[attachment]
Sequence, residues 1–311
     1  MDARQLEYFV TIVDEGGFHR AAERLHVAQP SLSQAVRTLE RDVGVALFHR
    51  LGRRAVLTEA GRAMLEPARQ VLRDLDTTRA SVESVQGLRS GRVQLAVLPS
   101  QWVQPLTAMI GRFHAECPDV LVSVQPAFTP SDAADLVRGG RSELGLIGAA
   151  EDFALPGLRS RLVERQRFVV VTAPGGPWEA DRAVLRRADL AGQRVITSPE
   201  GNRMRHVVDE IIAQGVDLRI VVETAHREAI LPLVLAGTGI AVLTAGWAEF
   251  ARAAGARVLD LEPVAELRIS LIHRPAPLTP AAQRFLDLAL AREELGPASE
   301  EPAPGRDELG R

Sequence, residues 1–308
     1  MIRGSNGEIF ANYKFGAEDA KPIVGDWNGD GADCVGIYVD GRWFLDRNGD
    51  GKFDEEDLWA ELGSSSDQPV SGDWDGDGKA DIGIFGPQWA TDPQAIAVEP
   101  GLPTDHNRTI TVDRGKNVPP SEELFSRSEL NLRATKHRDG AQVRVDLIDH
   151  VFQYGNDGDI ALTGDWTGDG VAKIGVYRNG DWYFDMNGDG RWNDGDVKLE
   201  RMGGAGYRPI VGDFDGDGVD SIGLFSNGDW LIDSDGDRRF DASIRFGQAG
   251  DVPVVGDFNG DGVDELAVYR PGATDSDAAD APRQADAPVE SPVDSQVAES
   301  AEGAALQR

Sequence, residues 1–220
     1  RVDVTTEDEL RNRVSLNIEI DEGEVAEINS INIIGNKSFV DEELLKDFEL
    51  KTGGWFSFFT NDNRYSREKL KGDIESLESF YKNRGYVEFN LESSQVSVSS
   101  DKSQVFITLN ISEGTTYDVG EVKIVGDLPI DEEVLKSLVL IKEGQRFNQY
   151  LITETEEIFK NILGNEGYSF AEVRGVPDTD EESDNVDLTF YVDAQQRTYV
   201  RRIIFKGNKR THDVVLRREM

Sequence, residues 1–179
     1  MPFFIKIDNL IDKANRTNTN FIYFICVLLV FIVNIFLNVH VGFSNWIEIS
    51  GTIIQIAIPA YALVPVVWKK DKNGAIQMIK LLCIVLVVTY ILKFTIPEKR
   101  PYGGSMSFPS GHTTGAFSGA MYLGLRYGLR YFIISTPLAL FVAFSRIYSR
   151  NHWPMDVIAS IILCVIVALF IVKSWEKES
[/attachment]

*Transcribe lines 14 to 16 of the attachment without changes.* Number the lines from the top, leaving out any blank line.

   201  RMGGAGYRPI VGDFDGDGVD SIGLFSNGDW LIDSDGDRRF DASIRFGQAG
   251  DVPVVGDFNG DGVDELAVYR PGATDSDAAD APRQADAPVE SPVDSQVAES
   301  AEGAALQR